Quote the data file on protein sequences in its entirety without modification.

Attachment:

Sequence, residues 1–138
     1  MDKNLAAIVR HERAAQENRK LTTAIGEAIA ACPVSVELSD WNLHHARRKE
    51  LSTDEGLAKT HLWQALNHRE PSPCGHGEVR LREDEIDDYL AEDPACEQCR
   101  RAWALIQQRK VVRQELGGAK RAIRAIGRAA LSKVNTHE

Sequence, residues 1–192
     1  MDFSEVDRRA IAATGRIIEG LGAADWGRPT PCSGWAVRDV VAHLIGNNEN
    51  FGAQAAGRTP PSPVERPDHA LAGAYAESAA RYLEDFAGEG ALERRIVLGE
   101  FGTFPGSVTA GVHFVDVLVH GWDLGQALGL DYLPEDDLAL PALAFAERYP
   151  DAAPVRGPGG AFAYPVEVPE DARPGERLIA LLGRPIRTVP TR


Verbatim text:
Sequence, residues 1–138
     1  MDKNLAAIVR HERAAQENRK LTTAIGEAIA ACPVSVELSD WNLHHARRKE
    51  LSTDEGLAKT HLWQALNHRE PSPCGHGEVR LREDEIDDYL AEDPACEQCR
   101  RAWALIQQRK VVRQELGGAK RAIRAIGRAA LSKVNTHE

Sequence, residues 1–192
     1  MDFSEVDRRA IAATGRIIEG LGAADWGRPT PCSGWAVRDV VAHLIGNNEN
    51  FGAQAAGRTP PSPVERPDHA LAGAYAESAA RYLEDFAGEG ALERRIVLGE
   101  FGTFPGSVTA GVHFVDVLVH GWDLGQALGL DYLPEDDLAL PALAFAERYP
   151  DAAPVRGPGG AFAYPVEVPE DARPGERLIA LLGRPIRTVP TR